Yeah, I read about that on Facebook”. It’s a phrase that is becoming more common in everyday conversation, particularly when discussing news.

In so many ways, it can also be a misleading choice of words.

Yes, the person may have read a news report while on the social media platform, but it is almost certain that information was generated elsewhere.

Facebook doesn’t employ journalists to engage with local communities and report information relevant to readers. The Courier does.

Facebook, as a US-based tech giant, doesn’t have a physical presence in Narrabri. The Courier does.

Facebook doesn’t attend the local meetings and events that matter – like the successful Narrabri Races – and report on what happens. The Courier does.

Facebook will not report on local football codes. The social media giant won’t be on the sidelines taking action photos of the Blue Boars or the Blues.

Nor will it be at the Narrabri Show in May. Or at the Narrabri Chamber of Commerce Business Awards.

Facebook doesn’t campaign on the important social issues or infrastructure needs of local communities. The Courier does.

Facebook doesn’t support great local causes like the Stars of Narrabri. The Courier does.

Yes, The Courier and other media organisations use Facebook as one of the many platforms to disseminate news, along with print products and various websites.

But the news people read on Facebook is produced elsewhere; by companies like The Courier that pay people to provide that service.

The Courier employs 16 staff and engages paper boys and girls to deliver the newspaper across Narrabri.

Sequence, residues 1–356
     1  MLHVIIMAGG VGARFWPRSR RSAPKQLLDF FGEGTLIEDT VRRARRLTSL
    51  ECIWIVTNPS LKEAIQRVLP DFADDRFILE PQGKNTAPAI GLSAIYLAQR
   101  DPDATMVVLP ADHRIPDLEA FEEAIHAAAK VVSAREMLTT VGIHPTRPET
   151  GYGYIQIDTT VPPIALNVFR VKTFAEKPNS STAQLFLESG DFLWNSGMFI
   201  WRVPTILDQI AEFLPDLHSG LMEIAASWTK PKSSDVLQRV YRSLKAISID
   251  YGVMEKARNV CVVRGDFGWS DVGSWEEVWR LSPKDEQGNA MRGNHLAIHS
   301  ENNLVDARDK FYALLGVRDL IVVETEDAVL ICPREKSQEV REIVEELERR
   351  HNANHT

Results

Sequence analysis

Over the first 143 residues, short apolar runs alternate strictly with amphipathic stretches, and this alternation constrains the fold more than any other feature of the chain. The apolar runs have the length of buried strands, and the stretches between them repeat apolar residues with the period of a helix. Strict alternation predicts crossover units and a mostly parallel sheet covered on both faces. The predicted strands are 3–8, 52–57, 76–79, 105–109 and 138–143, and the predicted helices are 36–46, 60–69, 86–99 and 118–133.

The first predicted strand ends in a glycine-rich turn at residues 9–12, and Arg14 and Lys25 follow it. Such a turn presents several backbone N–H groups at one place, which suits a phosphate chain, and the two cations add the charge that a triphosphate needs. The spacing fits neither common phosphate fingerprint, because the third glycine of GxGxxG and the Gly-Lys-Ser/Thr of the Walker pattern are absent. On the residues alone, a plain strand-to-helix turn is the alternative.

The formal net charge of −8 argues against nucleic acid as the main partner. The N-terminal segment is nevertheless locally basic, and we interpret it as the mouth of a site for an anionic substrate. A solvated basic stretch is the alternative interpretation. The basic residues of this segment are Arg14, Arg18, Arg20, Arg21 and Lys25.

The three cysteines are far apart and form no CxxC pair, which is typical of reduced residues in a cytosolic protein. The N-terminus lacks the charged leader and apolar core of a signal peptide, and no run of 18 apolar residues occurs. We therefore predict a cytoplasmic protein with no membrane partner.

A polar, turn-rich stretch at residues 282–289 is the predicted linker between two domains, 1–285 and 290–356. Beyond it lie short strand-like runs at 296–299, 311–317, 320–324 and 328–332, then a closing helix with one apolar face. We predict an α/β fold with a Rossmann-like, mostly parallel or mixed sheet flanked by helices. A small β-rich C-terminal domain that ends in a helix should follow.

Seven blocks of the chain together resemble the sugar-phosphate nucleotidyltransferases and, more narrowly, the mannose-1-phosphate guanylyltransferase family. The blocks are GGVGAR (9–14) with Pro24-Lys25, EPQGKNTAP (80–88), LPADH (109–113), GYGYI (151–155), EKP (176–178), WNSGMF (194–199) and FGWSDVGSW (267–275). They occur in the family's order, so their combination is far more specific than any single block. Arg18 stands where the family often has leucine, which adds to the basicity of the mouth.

Facebook has for years happily hosted our more legitimate and responsible content and made trillions of dollars globally from the eyeballs it attracts.

A few years back industry heavyweights lobbied hard for the federal government to establish a News Media Bargaining Code that compelled Facebook to start paying for this news content.

The funding that came out of that agreement allowed the broader media industry to employ more journalists and invest in more resources.

Facebook has now signalled that it will be walking away from that hard-fought agreement, a move that will cost local jobs and may force some local media outlets to the wall.

The decision by Meta to stop paying for the news it allows to be shared across Facebook and Instagram will have a direct impact on publishers and the support offered to readers and communities. It is the same for every small country newspaper across Australia.

It may not seem such a big deal that the news tab on Facebook will disappear, but what if they decide to block all news services, like Meta has done in Canada?

Is it okay that a massive US company can hold Australian governments and businesses to ransom like this?

This decision should be a warning to all small businesses and organisations that use Facebook or Instagram as their only digital platform. What happens if Meta next randomly decides to charge hairdressers for business pages, or block community events?

Not paying fairly for news, and then threatening to block access to media on their platforms is blackmail.

This isn’t just a squabble between giants; it’s about the survival of small newspapers. It’s about the sustainability of publications that give rural and regional people a voice and record the history of the towns in this region.

This isn’t just about The Courier; it’s about fair compensation for the news produced by local journalists across Australia.

Stand with The Courier, stand with your local paper.

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